Visit our Hendersonville location for a tour of the winery and a wine tasting at our beautiful vineyard in the Blue Ridge Mountains.
Let our expert Tasting Room staff guide you through a tasting that will educate and entertain you and your guests in our renovated farmhouse with a spectacular view of our Sugarloaf Vineyard. After your tasting, enjoy your favorite wine by the glass or by the bottle on our veranda overlooking our vineyards.
$10 for a set tasting of 7 one-ounce pours.
$15 for a flight of your choice of 5 two-ounce pours.
Wine tasting can be broken down into four basic steps: see, swirl, sniff, and sip.
Pour the wine into the glass and hold it against a white background such as a napkin. Color tells you a lot about the wine.
For whites, if the color is darker, it may mean the wine was aged in oak barrels as is the case with our Harvest Moon Chardonnay. If it is pale yellow, like our Grüner Veltliner, Vidal Blanc, and Riesling, it was fermented in stainless steel tanks.
For reds, if it is rich in color like our Altitude 3400, it can indicate a younger wine. Red wines tend to become more muted in color as they age.
Different grape varieties have different colors. Color is a perceptive issue so don’t worry if you don’t see eye to eye with someone else.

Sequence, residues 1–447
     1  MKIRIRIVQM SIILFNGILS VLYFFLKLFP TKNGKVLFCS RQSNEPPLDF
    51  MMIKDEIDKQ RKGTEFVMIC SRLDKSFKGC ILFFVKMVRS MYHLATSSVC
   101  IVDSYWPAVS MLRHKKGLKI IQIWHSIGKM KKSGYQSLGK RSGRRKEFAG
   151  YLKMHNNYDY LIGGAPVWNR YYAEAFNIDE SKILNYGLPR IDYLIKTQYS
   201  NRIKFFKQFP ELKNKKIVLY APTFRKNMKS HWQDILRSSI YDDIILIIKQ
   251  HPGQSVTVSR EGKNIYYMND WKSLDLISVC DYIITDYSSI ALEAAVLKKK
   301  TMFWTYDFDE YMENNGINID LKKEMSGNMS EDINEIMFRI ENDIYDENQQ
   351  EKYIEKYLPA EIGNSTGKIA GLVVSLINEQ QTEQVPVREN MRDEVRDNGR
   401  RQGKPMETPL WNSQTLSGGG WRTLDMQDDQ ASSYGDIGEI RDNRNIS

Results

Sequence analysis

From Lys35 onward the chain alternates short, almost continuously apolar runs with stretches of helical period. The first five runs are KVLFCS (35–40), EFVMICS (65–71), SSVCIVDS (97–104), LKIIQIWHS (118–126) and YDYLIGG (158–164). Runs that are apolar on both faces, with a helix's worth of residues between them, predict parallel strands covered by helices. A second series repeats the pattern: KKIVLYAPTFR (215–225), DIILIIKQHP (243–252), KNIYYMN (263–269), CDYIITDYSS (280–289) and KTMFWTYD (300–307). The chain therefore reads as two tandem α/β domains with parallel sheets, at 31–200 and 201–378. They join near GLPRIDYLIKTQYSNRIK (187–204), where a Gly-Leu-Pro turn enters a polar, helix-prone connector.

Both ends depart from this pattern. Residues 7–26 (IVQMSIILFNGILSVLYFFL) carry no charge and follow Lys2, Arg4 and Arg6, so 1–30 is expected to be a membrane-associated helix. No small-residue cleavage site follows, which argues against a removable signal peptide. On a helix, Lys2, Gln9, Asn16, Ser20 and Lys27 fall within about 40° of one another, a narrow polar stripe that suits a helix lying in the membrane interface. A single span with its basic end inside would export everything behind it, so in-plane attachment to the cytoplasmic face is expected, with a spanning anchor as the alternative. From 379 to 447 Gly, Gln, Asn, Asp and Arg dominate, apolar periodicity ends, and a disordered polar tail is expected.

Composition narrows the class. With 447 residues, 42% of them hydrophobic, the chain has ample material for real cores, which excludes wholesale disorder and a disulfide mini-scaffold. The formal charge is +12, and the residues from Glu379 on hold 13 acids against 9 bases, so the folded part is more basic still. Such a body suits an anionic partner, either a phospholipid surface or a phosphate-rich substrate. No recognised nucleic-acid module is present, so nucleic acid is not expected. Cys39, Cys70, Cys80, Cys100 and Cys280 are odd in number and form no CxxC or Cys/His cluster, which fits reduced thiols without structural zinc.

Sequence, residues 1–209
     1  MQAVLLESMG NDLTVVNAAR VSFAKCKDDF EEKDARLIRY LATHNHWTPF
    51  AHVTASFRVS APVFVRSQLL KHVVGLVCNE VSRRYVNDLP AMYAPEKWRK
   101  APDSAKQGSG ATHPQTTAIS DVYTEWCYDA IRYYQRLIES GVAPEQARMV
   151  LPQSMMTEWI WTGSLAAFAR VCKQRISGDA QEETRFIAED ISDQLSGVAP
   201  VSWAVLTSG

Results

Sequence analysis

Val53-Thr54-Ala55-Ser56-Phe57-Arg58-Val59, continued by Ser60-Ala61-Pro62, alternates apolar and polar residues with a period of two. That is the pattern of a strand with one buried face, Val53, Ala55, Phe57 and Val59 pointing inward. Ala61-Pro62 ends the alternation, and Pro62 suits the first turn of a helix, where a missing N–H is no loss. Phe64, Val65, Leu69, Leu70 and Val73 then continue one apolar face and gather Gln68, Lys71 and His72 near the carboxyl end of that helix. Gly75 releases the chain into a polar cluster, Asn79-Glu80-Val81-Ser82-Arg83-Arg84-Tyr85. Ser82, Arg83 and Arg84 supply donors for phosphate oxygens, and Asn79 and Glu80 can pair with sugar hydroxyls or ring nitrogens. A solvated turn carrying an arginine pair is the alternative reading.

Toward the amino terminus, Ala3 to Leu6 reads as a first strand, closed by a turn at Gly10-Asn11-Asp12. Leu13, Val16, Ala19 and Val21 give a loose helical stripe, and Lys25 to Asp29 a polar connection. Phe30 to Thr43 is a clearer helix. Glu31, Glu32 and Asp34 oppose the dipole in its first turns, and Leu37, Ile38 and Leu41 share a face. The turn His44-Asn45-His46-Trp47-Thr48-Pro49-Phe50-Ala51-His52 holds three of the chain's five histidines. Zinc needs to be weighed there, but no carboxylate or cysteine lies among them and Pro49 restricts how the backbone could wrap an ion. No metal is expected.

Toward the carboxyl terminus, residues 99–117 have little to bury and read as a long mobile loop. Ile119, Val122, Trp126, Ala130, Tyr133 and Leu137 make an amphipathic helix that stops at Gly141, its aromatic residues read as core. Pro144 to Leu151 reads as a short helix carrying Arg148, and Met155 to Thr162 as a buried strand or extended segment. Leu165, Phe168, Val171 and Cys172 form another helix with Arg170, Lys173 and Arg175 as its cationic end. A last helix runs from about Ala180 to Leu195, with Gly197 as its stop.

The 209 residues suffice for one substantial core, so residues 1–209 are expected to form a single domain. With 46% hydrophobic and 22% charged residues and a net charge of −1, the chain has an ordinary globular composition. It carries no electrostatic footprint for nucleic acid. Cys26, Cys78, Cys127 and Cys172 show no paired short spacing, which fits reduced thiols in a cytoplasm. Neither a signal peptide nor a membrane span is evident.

You swirl the wine in your glass to increase the oxygen through the wine and to release its bouquet and aromas.
Bouquet is the total smell of the wine. Aroma is the smell of the grapes.
The “nose” of the wine is a word wine tasters use to describe the bouquet and aroma of the wine.
Smell is one of the most important steps in the process of wine tasting. We humans can identify more than 2000 scents and wine has hundreds of its own!
After you swirl the wine, you should smell it three times. The third smell will give you more information than the first two.
You don’t have to use pretentious words to describe the nose of a wine. It is what you perceive. Our wine descriptions will give you a start. If you sense something different, let us know your interpretation.
After time, you can memorize the way a Grüner Veltliner, Riesling, Chardonnay, Merlot and Cabernet Franc grape smells.
For many, tasting wine is taking a sip and swallowing immediately. Proper tasting is done with your taste buds. When tasting wine, take a sip and leave it in your mouth for 3-5 seconds. This brings the wine to the temperature of your body and creates more smells sending info to your olfactory sense.
We perceive five tastes: salty, sweet, bitter, sour, & umami. All five can be found in wine, depending on the variety of grape and the climate/soil in which it is grown.
Sweetness occurs when wine has some residual sugar added after fermentation.
Bitterness usually indicates a high tannin content. Tannins are a sensation that frequently exist in red wines and white wines aged in oak. If a white is high in tannin, it will often have a bitter or astringent quality.
Sourness indicates the amount of acidity in the wine. White wines tend to have a higher degree of acidity than red wines, although there are exceptions.
Fruit and varietal characteristics of the grapes will be more smells, than tastes. Pay attention as the overall taste and balance of the components linger in your mouth. A long finish is usually a sign of a high-quality wine.